5. Finally, the potential for a global dollar funding crisis is perhaps best illustrated by the recent widening of the LIBOR-OIS spread which is the widest since the Global Financial Crisis and looks similar to the same curve just prior to the Lehman default.

China has dollar-denominated debt in its banking and corporate sector as well as dollar swap obligations in the FX market that have been used to maintain a strong currency against capital outflow pressure. While much of this debt is opaque, it is possible and even likely that China’s dollar obligations exceed its dollar foreign reserves making China dollar net short. Fed tightening makes it difficult for China to service and refinance its dollar denominated debt without selling its foreign reserves.

Inflation vs. Disinflationary Forces

Whether the next downturn will be stagflationary or deflationary is a big debate. Considering all the compelling arguments, it’s difficult to build too strong of a conviction on one side or the other at this time:

We must consider a wide range of possible macro environments playing out. The current late cycle overheating risks point to rising inflation, with “cost push” forces becoming more apparent. If history repeats itself, the Fed is likely to tighten until asset bubbles burst (stocks, corporate credit, real estate perhaps). Then we have to be concerned about deflationary pressures emerging. If they do, the Fed should and would likely move substantially and quickly back to QE, shifting our concerns back to rising inflation. Under this situation worries of stagflation arise, or even hyperinflation at the extreme. Those kind of macro markets are real but have been left for dead for some time. They could easily re-emerge to surprise the vast majority of investors since that is what highly imbalanced markets tend to do at major inflection points. Somewhere along that spectrum is a 1973-74 kind of bear market with rising inflation, declining bonds, and plunging stocks.

Whether inflation really takes root all boils down to inflation expectations. Inflation expectations are drawn from surveys and hard data, but they are often driven by human behavior. People begin to believe and act as though inflation is coming then it becomes self-reinforcing, causing money velocity to rise and pushing investors into inflation hedge assets. We worry that some investors might still be fighting the last war and thinking the next downturn will play out again like 2008, i.e. deflationary. While that is a possibility, the increasing concerns over inflation make these arguments very convoluted. Rather than making a major call on inflation versus deflation at this point in the business cycle, we choose instead to focus on shorting Chinese stocks, the yuan, and US stocks which can win big in either a deflationary or inflationary downturn.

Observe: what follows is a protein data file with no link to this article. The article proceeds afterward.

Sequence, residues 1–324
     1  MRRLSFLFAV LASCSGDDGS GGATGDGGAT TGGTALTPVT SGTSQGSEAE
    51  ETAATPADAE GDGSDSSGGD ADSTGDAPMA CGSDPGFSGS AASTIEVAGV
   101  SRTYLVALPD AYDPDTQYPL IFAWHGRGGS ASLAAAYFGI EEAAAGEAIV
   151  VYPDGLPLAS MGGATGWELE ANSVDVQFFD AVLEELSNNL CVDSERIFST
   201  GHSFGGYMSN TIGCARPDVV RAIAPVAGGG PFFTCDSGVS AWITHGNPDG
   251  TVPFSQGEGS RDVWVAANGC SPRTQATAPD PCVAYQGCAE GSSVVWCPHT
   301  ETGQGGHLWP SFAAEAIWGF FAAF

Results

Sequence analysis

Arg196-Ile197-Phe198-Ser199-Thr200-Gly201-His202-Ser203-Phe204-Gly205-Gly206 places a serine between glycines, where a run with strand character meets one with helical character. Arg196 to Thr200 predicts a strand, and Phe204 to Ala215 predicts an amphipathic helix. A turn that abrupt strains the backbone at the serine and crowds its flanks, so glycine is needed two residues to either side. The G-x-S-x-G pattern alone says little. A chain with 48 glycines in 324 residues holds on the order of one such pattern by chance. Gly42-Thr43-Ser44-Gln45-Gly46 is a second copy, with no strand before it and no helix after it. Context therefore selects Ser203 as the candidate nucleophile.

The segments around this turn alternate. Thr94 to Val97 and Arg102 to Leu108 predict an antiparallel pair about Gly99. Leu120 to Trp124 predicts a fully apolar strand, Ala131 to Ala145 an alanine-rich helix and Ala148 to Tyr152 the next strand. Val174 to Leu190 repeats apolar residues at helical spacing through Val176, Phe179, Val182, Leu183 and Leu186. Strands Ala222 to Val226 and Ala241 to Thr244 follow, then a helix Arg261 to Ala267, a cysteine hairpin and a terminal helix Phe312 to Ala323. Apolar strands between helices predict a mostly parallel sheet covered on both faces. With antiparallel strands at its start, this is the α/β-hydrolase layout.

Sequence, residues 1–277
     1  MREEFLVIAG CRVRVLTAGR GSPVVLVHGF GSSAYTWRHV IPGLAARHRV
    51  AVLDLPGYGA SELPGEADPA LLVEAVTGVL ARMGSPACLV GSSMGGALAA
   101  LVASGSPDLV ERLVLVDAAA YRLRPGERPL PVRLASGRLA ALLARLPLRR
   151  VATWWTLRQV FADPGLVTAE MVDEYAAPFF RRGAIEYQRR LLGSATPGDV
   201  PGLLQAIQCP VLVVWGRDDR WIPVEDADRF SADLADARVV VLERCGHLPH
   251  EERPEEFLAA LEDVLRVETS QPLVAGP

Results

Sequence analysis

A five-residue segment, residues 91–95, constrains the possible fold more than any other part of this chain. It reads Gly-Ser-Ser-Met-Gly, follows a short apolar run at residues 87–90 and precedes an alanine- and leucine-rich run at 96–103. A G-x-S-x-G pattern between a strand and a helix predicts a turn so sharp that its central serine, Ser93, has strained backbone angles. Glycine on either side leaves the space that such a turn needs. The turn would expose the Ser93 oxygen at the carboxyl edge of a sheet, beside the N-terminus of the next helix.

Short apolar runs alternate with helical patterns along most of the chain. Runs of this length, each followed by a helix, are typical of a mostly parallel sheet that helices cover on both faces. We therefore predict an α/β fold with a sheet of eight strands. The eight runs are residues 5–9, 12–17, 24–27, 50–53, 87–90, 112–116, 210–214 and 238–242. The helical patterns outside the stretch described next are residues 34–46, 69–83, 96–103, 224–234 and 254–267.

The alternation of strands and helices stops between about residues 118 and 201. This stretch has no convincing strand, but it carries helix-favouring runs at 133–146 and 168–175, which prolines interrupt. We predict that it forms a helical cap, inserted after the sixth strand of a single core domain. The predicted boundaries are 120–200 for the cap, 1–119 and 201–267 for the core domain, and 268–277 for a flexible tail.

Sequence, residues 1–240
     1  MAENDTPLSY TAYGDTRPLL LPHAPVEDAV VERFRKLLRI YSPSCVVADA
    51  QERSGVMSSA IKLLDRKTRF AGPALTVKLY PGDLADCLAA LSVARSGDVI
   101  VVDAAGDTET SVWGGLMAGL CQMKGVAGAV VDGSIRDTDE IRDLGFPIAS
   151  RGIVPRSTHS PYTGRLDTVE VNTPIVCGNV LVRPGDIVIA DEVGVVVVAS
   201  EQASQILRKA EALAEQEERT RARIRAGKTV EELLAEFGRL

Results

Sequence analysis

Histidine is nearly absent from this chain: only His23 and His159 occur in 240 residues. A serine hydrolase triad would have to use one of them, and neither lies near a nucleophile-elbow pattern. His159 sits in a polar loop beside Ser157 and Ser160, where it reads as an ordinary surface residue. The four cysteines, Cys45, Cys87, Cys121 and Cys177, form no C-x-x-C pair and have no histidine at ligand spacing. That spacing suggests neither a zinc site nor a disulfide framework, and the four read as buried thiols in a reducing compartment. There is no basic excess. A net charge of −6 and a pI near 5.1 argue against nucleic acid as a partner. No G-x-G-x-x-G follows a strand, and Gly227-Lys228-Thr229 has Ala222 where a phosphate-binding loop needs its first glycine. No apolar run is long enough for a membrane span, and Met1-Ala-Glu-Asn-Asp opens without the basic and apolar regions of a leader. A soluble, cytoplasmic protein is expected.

Gold remains an excellent long hedge for us under the ultimate inflationary scenario that we see playing out. Gold is also a haven asset with deep-value properties for added protection in the deflation scenario. Looking at the crisis periods highlighted in the first chart, gold vastly outperformed the broad market and treasuries during inflationary bust periods on an average annualized basis. Gold also held up very well during crises characterized by declining inflation, dropping by only 1% on an average annualized basis during those periods.

However, there was one crisis period of declining inflation where gold underperformed that is unlikely to be relevant today. During the early 80’s double dip recession period highlighted in the first chart (1/31/80-8/31/82), US inflation rates were cooling down after recently hitting very high levels, the complete opposite to our present situation. If we remove that outlier period from the calculations in the chart above, gold was in fact up an average annualized 4% during the crisis periods of declining inflation. Whether you side with the inflation or disinflation arguments summarized in the table above, past crises show that gold is poised to perform well regardless of whether the next bust is characterized by inflation or disinflation.